A reader’s reaction to the Economist’s approach to Fairtrade would depend largely on whether they share that newspaper’s economic views, but it is difficult to argue with their ideas on local food and organic farming. On organic farming especially, with our rapidly growing world population, and as global warming renders more agricultural land unuseable, how efficiently we use what land is left, and how we irrigate it, is going to be one of the key questions of this century (alongside who controls both those resources).
The volume of comments on various websites which followed would have come as no surprise. Ethical consumers are emotionally invested in the ethical part of their shopping decisions, and taking issue with anything that has ‘Ethical’ in its name is guaranteed to generate some angry Letters to the Editor. But it is a rare debate that is so black and white that supporting one side or the other will be without any potentially problematic consequences.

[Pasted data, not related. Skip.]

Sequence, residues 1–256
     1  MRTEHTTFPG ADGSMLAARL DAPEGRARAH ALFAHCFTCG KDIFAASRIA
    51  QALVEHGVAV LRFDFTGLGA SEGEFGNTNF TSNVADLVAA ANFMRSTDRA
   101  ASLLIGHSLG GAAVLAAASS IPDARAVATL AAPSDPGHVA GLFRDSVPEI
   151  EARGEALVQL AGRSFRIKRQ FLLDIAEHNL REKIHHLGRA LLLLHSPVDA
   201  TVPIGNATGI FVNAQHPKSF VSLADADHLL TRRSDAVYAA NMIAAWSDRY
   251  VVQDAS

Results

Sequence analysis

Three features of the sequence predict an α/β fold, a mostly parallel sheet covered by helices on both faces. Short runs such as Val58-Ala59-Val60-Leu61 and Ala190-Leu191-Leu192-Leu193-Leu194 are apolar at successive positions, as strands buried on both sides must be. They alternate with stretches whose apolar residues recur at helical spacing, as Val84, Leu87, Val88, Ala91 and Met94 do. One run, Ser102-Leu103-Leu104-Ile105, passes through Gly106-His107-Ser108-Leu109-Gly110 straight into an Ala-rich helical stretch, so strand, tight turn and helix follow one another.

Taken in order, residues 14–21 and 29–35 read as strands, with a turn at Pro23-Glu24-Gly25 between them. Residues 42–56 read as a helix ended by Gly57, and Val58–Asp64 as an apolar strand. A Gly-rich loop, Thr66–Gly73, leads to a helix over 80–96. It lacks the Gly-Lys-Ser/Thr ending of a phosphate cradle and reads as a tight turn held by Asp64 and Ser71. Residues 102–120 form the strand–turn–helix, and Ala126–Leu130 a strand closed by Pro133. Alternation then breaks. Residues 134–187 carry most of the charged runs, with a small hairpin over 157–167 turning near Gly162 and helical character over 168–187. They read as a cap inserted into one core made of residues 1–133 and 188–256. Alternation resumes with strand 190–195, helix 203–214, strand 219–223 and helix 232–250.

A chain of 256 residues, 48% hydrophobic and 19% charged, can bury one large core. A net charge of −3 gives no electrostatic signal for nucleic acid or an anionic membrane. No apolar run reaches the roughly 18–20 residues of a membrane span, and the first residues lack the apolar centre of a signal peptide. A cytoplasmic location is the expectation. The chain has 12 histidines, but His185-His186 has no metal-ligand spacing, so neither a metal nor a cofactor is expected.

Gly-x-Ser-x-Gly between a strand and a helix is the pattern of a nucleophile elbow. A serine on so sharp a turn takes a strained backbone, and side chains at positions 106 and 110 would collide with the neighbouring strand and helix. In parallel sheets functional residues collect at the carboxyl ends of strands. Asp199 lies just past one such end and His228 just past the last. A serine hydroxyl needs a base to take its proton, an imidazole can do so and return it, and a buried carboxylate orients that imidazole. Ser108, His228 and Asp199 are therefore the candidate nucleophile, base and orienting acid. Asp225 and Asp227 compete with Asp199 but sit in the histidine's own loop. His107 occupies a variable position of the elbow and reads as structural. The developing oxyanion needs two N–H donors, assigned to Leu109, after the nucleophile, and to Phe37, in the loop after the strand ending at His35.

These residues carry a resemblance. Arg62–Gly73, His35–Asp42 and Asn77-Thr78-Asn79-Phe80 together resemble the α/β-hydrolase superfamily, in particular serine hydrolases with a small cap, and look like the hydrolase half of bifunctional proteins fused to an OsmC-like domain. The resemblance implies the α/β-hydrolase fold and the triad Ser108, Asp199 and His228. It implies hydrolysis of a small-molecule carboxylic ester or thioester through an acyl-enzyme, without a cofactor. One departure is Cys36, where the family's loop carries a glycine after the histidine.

Palm oil is no exception.
Those shoppers who want to avoid palm oil for example, will probably be the same people who seek out Fairtrade coffee in the supermarket. The laudable point of Fairtrade is that our morning coffee must not come at the expense of farmers in developing nations, but the Malaysian palm oil industry directly employs over half a million workers, workers who would lose their livelihoods as a result of a blanket boycott of palm oil. Such ethical shopping choices present clear ethical dilemmas for the ethical consumer.